It has been shown that measurement of elastic constants of orthotropic wood-based panel products can be more efficiently measured by modal testing technique. Identification of vibration modes and corresponding natural frequencies is key to the application of modal testing technique. This process is generally tedious and requires a number of measurement locations for mode shape identification. In this study, a simplified method for frequency identification was developed which will facilitate the adoption of the vibration-based testing technique for laboratory and industrial application. In the method, the relationship between frequency order and mode order is first studied considering the boundary condition, elastic properties of the orthotropic panel. An algorithm is proposed to predict the frequency values and mode indices based on corresponding normalized sensitivity to elastic constants, initial estimates of orthotropic ratios and measured fundamental natural frequency. The output from the algorithm can be used for identification of sensitive natural frequencies from up to three frequency spectra. Then the algorithm is integrated with the elastic calculation algorithm to extract the elastic constants from the sensitive frequencies. The elastic constants of cross laminated timber panels were measured by the proposed method. The moduli of elasticity agree well with static testing results. The calculated in-plane shear modulus was found to be within the expected range.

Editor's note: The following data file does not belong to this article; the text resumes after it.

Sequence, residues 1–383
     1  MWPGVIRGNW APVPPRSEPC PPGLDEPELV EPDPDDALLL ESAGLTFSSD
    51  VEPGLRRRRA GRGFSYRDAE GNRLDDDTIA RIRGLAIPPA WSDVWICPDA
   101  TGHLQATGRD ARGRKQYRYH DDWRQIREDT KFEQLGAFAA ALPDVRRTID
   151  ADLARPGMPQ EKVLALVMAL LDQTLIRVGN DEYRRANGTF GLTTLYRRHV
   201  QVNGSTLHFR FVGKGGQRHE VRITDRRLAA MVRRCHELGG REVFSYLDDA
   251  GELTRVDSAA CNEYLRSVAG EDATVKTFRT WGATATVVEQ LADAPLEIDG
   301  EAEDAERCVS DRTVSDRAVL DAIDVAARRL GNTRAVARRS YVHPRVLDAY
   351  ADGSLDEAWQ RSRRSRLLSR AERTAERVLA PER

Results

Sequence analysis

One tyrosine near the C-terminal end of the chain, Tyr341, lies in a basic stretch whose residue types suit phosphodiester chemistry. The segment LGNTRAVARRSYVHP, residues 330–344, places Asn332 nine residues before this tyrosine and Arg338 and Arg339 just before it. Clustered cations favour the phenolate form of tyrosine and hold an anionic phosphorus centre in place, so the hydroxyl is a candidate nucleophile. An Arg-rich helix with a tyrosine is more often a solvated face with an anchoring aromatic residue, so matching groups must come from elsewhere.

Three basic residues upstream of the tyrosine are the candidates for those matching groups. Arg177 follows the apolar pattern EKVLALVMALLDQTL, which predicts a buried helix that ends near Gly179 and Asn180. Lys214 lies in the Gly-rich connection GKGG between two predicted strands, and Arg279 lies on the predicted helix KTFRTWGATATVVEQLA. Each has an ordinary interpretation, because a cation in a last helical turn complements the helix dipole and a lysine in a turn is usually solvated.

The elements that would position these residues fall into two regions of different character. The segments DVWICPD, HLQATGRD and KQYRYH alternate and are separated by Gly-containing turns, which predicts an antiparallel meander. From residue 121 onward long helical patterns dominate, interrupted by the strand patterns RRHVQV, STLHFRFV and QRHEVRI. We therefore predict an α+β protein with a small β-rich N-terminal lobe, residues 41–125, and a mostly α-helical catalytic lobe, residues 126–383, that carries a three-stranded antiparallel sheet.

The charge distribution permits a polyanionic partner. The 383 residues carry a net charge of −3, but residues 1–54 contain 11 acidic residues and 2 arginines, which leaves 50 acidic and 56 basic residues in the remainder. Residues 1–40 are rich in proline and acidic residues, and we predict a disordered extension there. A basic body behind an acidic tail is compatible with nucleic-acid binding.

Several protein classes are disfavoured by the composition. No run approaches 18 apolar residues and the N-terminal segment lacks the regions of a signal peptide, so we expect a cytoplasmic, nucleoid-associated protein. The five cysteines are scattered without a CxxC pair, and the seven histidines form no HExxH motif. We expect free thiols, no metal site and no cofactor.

Cross-laminated timber (CLT) is an emerging engineered wood product in North America. Past research effort to establish the behaviour of CLT under extreme loading conditions has focussed CLT slabs with idealized simply-supported boundary conditions. Connections between the wall and the floor systems above and below are critical to fully describing the overall behaviour of CLT structures when subjected to blast loads. The current study investigates the effects of “realistic” boundary conditions on the behaviour of cross-laminated timber walls when subjected to simulated out-of-plane blast loads. The methodology followed in the current research consists of experimental and analytical components. The experimental component was conducted in the Blast Research Laboratory at the University of Ottawa, where shock waves were applied to the specimens. Configurations with seismic detailing were considered, in order to evaluate whether existing structures that have adequate capacities to resist high seismic loads would also be capable of resisting a blast load with reasonable damage. In addition, typical connections used in construction to resist gravity and lateral loads, as well as connections designed specifically to resist a given blast load were investigated. The results indicate that the detailing of the connections appears to significantly affect the behaviour of the CLT slab. Typical detailing for platform construction where long screws connect the floor slab to the wall in end grain performed poorly and experienced brittle failure through splitting in the perpendicular to grain direction in the CLT. Bearing type connections generally behaved well and yielding in the fasteners and/or angles brackets meant that a significant portion of the energy was dissipated there reducing the energy imparted on the CLT slab significantly. Hence less displacement and thereby damage was observed in the slab. The study also concluded that using simplified tools such as single-degree-of-freedom (SDOF) models together with current available material models for CLT is not sufficient to adequately describe the behaviour and estimate the damage. More testing and development of models with higher fidelity are required in order to develop robust tools for the design of CLT element subjected to blast loading.